Sylvester Mardi, born and raised in Kolkata, came to Bangalore after obtaining his B.Com from St. Xavier's College in 2009. Since completing the diploma course in Movement Arts and Mixed Media at Attakkalari, he has become a senior member of the repertory company.

Ronita Mookerji graduated with a diploma in Movement Arts and Mixed Media from Attakkalari in 2009, before which she underwent more than 14 years’ Bharatanatyam training in Kolkata.
She is a participant in Attakkalari’s Associate Artist Scheme for independent dance artists and is also a facilitator in their education outreach programme.

Vivek Prabhu is a photographer based out of Bangalore. He has a keen interest in travel, architecture, and performing arts. You can find more of his work at www.vekspace.com

Photos by Vivek Prabhu • Text by Poorna Swami

TABLE of Contents
Bangalore. Hyperextended.

Do Contemporary Dance Makers Have A Deadline, Too?
Joshua Muyiwa
From somewhere in the middle
Atalya Baumer/Tamar Mayzlish + Diya Naidu + Hemabharathy Palani
Madhu Nataraj
Dancing the Looru
Vivek Prabhu/Anindita Ghosh/Sylvester Mardi/Ronita Mookerji
Welcome to Dance
Poorna Swami


To pick up and run with a magazine that has had another life is never easy. There are those conflicting desires to find close continuity and to just scrap it all and start anew. Ligament 2016-17 reemerges from a half-way point. We want to build on the investigations and insights of the magazine’s past contributors and also find ways to say what they perhaps had wanted to say but could not, or forgot to, in that moment.

Ligament was founded to facilitate the articulation of an evolving language that encompasses the impulses of contemporary dance. The idea of “contemporary” is inherently bound to time, to a sense of history, rather multiple histories unfolding. In its 2016-17 iteration, we hope that Ligament can grapple with the idea of how dance might hold a place in-step with the patterns of active and forming histories, rather than remaining a canonised and pondered response to a bygone world. We’d like to embrace the immediacy of “contemporary”, and invite contributions from dancers, choreographers, arts practitioners, scholars, audience members, readers. In this way, we hope to reach for the intimacies, resistances, and fragilities that permeate the developing field of South Asian contemporary dance.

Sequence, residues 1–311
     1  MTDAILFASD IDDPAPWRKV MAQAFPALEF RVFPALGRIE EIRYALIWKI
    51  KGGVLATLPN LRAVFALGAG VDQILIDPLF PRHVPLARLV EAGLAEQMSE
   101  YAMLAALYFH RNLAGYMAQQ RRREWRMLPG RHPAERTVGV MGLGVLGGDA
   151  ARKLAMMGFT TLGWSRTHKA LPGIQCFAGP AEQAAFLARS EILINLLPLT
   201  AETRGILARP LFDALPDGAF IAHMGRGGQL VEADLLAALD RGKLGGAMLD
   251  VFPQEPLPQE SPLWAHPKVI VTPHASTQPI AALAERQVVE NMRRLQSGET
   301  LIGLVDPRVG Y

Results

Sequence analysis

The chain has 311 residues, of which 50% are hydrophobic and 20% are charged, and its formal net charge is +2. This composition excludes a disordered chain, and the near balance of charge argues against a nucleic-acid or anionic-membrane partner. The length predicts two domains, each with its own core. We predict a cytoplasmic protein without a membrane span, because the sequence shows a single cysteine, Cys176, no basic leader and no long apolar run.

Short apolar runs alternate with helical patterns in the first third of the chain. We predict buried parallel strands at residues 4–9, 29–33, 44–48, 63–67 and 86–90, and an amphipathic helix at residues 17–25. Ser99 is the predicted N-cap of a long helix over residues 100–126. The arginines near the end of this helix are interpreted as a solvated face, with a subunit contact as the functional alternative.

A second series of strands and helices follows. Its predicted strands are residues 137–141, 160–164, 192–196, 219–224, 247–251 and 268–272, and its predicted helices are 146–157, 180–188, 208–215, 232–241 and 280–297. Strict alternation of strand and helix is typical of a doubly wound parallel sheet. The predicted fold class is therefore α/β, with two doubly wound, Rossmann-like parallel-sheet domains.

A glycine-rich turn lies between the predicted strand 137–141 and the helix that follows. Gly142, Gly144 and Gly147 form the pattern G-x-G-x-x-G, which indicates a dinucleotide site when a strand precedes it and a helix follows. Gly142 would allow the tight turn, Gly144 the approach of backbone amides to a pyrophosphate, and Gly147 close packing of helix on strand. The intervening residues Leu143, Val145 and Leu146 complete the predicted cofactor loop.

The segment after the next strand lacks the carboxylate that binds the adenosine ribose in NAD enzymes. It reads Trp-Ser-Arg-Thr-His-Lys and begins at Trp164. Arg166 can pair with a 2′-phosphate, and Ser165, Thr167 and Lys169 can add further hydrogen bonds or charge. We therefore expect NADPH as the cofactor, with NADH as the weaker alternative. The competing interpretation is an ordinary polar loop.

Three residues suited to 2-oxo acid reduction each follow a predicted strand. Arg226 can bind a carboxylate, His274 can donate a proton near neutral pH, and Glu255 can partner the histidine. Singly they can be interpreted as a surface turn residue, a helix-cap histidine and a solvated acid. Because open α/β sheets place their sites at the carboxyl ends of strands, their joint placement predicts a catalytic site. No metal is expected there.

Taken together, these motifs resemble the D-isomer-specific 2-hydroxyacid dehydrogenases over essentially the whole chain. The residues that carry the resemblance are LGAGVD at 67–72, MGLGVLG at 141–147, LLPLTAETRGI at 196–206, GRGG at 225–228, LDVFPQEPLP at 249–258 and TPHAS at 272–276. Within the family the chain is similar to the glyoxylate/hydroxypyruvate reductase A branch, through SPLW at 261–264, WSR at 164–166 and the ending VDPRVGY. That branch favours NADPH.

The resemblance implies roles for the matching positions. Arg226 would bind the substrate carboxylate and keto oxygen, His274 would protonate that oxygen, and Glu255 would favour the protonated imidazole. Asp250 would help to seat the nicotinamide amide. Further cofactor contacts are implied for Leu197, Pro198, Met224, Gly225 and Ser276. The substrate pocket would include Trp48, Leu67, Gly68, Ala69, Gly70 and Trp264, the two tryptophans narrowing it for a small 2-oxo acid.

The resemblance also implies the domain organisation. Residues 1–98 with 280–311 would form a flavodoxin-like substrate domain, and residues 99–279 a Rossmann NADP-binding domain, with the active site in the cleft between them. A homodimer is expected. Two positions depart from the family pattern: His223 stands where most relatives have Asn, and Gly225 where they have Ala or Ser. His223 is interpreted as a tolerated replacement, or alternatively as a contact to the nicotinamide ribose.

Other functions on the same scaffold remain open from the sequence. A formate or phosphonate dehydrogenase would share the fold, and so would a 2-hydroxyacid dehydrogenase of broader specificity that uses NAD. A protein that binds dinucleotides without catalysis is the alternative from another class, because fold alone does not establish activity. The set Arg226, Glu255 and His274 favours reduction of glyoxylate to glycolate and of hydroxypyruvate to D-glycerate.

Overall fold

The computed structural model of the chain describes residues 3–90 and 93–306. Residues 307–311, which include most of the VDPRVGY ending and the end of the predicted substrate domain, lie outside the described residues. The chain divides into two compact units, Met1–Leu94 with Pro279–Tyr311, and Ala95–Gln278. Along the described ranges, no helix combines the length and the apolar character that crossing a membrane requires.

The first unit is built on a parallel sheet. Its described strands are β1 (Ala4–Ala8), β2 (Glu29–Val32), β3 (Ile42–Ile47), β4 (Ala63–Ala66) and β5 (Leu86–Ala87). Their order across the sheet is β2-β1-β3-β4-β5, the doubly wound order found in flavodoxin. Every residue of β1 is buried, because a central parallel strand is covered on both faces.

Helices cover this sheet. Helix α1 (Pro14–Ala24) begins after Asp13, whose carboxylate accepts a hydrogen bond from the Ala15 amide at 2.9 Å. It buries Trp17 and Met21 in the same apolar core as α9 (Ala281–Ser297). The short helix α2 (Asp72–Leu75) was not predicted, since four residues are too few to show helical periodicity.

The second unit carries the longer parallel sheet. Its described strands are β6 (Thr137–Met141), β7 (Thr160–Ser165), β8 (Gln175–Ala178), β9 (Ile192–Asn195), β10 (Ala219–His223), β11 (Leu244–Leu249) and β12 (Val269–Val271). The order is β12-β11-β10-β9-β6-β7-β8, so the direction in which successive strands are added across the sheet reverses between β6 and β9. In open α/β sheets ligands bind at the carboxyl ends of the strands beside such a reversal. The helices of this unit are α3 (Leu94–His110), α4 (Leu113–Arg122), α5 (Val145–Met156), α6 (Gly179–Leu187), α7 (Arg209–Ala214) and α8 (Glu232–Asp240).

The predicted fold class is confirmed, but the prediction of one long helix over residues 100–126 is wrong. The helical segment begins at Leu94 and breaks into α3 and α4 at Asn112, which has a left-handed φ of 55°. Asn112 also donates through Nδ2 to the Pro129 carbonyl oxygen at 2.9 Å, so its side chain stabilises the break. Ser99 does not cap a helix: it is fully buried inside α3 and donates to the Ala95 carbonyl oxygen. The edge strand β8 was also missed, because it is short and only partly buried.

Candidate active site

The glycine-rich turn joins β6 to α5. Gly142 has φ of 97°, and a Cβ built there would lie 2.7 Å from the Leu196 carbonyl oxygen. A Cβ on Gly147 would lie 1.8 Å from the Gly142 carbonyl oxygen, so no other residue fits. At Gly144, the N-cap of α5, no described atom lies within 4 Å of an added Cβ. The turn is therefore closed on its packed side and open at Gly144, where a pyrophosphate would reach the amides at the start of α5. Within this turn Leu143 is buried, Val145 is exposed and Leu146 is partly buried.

Articulating a medium as visceral, visual, and ephemeral as dance requires making connections to methods of thought and critique that lie outside evaluative language. So for Ligament 2016-17 we welcome, of course, the critical essay, but also audio, photographs, ekphrastic poems, interviews, and hybrid media of various kinds that might speak to us about dance, carefully and proximately. Like the anatomical connective tissue for which it is named, Ligament, we hope, can help us locate dance in tandem with the many bodies that produce and encapsulate it.

To those who find themselves here for the first time, welcome. And those whom we have met before, we are glad you are back.

—Poorna Swami, Editor

Get in touch with us at ligament@attakkalari.org